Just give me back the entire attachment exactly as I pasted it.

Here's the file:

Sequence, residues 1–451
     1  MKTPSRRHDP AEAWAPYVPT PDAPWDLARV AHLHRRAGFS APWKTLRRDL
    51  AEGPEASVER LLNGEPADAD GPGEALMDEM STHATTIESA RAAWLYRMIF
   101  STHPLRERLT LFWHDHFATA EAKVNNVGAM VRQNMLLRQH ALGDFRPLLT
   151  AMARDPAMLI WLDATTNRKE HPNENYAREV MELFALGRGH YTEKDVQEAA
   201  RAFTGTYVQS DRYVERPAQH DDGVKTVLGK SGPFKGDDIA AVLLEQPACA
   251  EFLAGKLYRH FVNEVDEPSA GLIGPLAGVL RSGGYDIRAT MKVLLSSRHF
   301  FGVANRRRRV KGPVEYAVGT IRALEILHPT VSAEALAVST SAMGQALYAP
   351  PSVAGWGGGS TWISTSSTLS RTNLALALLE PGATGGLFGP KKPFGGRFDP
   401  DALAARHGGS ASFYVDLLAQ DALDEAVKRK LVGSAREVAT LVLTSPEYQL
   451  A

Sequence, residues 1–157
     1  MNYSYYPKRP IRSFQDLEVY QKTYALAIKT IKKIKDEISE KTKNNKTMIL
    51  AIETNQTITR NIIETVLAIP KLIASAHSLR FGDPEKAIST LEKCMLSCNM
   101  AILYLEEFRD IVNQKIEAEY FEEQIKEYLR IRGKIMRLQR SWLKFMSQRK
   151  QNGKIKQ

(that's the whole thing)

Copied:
Sequence, residues 1–451
     1  MKTPSRRHDP AEAWAPYVPT PDAPWDLARV AHLHRRAGFS APWKTLRRDL
    51  AEGPEASVER LLNGEPADAD GPGEALMDEM STHATTIESA RAAWLYRMIF
   101  STHPLRERLT LFWHDHFATA EAKVNNVGAM VRQNMLLRQH ALGDFRPLLT
   151  AMARDPAMLI WLDATTNRKE HPNENYAREV MELFALGRGH YTEKDVQEAA
   201  RAFTGTYVQS DRYVERPAQH DDGVKTVLGK SGPFKGDDIA AVLLEQPACA
   251  EFLAGKLYRH FVNEVDEPSA GLIGPLAGVL RSGGYDIRAT MKVLLSSRHF
   301  FGVANRRRRV KGPVEYAVGT IRALEILHPT VSAEALAVST SAMGQALYAP
   351  PSVAGWGGGS TWISTSSTLS RTNLALALLE PGATGGLFGP KKPFGGRFDP
   401  DALAARHGGS ASFYVDLLAQ DALDEAVKRK LVGSAREVAT LVLTSPEYQL
   451  A

Sequence, residues 1–157
     1  MNYSYYPKRP IRSFQDLEVY QKTYALAIKT IKKIKDEISE KTKNNKTMIL
    51  AIETNQTITR NIIETVLAIP KLIASAHSLR FGDPEKAIST LEKCMLSCNM
   101  AILYLEEFRD IVNQKIEAEY FEEQIKEYLR IRGKIMRLQR SWLKFMSQRK
   151  QNGKIKQ